Artist: Within the Ruins
Album: Halfway Human
I’m not a gambling man, but I’m willing to bet that, if you’re reading this, you’re probably a human being (sorry aliens and/or extraordinarily intelligent primates). That means there are innate traits you possess that give you the quality of humanity; not just the bipedal, upright posture and ability to walk, talk and emote, but the ability to show empathy and concern—to love, care and heal, things we typically associate with what separates “us” from “the animals.”
But what happens when that psychological element of our development goes awry? Our prominently developed ego and superego regress, leaving little more than a primitive, bloodthirsty id, satisfied only when it has acted on its most base and reflexive instincts—hunt, kill, feed and fornicate. What happens when we become just as much ruthless, ravenous animal as we are careful, cautious and calculating humans?
The latest full-length release by Massachusetts-based technical metalcore act Within the Ruins is what happens: enter Halfway Human. An album that is just as technical and mind-numbingly intricate as a graduate level calculus course, yet raw and raunchy as Mother Nature on her menses, Halfway Human is an uncompromising display of Within the Ruins as they return from a somewhat prolonged and more-silent-than-usual break since the release of their previous album, Phenomena. Still chock-full of riffs and breakdowns, yet melodic and catchy at times that are completely unexpected, Halfway Human is a different kind of Within the Ruins from anything we’ve witnessed previously—drawing a fine line between the band’s technical prowess and more primitive and primordial influences.
This culmination of humanity and horrendous aggression is present in he cast soundscape that is Halfway Human’s musicianship. From “Shape-Shifter,” through “Incomplete Harmony,” around the circuitous and dizzying fourth installment of the Ataxia saga and to the last seconds of “Treadstone,” Within the Ruins retain their truly signature sound while, for the first time since Invade, really adding something new to their dynamic. Percussionist Kevin McGuill is the keystone to the band’s energetic attack on the listener’s head—his candor both brutalizing on “Shape-Shifter,” yet flashy and laden with bizarre fills and blitzing speed on “Sky Splitter.” Songs like “Ataxia IV,” however, see McGuill serving as more than a drummer, but rather, the heart of Within the Ruins’ sound. “Ataxia IV”—being the latest (and highly competitive entry for “strongest”) addition to the series of songs—does not disappoint when it comes to instrumental intricacy. McGuill sets the vivacious and ferocious pulse for bassist Paolo Galang to keep up with; something Galang does with expertise. Galang adds depth and dissonance to McGuill’s drive and energy, as true on the penultimate song as it is on the opening number. However, where the duo provide an incredible low end and percussive backbone, that is only a portion of what makes Within the Ruins a powerful driving force and appealing to their sprawling fan base. Enter guitarist Joe Cocchi, whose skills are practically synonymous with Within the Ruins and their reign over their hybridization of technical metalcore and deathcore. Cocchi still shreds—he does on “Shape-Shifter” and he does on “Treadstone,” and he does on everything in between. Cocchi’s fretwork is as lacerating as it ever was on hits like “Objective Reality,” yet oddly catchy and diving into more melodic and moderate metallic pacing on “Death of the Rockstar” and “Bittersweet,” fully defining the instrumental extent of Within the Ruins’ dynamic expansion since their last release.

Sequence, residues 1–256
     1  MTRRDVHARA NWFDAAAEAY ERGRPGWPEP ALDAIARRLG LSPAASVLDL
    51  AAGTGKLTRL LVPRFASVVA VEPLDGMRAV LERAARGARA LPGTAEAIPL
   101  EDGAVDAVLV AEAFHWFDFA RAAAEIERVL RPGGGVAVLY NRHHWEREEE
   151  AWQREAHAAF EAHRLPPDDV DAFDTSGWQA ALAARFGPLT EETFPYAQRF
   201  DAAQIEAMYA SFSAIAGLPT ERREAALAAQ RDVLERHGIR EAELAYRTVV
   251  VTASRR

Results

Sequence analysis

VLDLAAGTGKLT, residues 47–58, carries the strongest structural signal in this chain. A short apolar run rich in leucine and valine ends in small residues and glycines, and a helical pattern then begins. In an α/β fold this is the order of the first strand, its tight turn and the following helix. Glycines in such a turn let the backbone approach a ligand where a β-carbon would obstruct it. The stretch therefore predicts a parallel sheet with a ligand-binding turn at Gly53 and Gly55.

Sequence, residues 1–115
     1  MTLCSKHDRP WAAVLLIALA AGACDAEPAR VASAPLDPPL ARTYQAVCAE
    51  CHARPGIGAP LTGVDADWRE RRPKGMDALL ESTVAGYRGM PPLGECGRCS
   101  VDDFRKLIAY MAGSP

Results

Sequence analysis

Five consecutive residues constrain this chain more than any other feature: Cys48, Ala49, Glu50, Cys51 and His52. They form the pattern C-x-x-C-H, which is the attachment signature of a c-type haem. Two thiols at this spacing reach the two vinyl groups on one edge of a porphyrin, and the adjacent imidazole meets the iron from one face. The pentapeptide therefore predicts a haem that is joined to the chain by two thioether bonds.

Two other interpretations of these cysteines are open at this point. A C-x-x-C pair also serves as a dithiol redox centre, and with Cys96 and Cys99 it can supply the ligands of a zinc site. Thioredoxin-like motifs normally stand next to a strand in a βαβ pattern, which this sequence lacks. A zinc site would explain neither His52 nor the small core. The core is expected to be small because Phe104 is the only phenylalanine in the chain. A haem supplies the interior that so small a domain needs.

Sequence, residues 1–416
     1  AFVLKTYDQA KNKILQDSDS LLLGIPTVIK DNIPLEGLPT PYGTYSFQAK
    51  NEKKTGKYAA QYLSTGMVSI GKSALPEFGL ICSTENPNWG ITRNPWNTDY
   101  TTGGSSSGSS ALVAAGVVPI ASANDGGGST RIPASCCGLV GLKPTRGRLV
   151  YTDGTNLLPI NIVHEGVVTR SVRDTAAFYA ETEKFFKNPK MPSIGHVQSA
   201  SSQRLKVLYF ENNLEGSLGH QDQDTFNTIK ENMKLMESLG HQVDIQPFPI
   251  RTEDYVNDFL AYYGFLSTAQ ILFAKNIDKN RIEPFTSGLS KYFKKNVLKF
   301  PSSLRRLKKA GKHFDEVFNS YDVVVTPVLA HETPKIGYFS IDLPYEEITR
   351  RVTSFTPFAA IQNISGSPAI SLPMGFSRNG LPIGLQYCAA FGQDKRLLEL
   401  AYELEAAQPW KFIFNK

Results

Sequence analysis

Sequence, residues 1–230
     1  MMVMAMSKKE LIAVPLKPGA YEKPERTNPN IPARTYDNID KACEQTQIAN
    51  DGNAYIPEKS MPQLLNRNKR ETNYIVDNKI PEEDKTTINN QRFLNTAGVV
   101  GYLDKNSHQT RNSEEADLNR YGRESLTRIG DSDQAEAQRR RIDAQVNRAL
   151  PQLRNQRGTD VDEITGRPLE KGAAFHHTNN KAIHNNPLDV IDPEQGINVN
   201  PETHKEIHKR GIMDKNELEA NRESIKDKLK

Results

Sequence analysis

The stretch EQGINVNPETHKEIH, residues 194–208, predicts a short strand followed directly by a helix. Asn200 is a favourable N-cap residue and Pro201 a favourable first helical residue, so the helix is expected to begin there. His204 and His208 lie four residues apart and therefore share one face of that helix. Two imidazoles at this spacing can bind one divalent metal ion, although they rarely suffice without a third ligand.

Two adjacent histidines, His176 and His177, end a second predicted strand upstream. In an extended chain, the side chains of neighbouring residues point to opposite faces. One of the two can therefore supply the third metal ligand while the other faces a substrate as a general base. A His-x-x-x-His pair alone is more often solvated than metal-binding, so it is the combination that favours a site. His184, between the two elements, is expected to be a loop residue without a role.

Where moments of fast-paced harmony and hectic, rock-infused, heavier than hell metalcore and deathcore catch the listener off guard and inflict whiplash by means of double-take (and headbanging), the listener’s neck is snapped right in half by the band’s vocal growth. Heard on “Death of a Rockstar” and throughout sparse moments of Halfway Human’s latter half, frontman Tim Goergan includes cleanly sung vocals into his arsenal of gritty growls and shocking screams. So much of Halfway Human is spent in just the way the listener would expect (and probably want) Within the Ruins to sound—a chaotic display of crushing musicianship topped off by Goergan’s gruesome bellows and growls. However “Treadstone” sees that change, with a metallic, cleanly sung bridge similar to moments of melody heard as aural freckles throughout the remainder of the album. Some of these are better than others—where “Treadstone” is a solid track where Goergan’s vocal efforts shine brightly, “Death of the Rockstar” stumbles and fumbles in its search for being truly memorable, and others—like “Ivory Tower” fall in that boat too. So, where Halfway Human is a departure from the same-old Within the Ruins in many great ways, some of these ways are only halfway effective.
Halfway Human isn’t the same Within the Ruins we’ve heard before—if I’ve not yet made that clear, I probably never will—but that’s okay. Fans since the “Tractor Pull” days, I’m right there with you; I still can’t get enough of Creature in its gritty and raw majesty—but change is good and Within the Ruins are proof. The band manage to switch things up enough to sound fresh while still keeping a death grip on their own distinct and devastating sound. Does it have moments that maybe aren’t as awesome as others? Yeah—it isn’t as consistently crushing and intense as albums like their masterpieces Invade or Phenomena. That said, it is far from a collapse or a death knell from the band—as it delivers brilliance in ways more varied and creatively structured than any other Within the Ruins release yet, making it well worth the listener’s time and attention.
For Fans Of: Oceano, Currents, The Last Ten Seconds of Life, Boris the Blade
By: Connor Welsh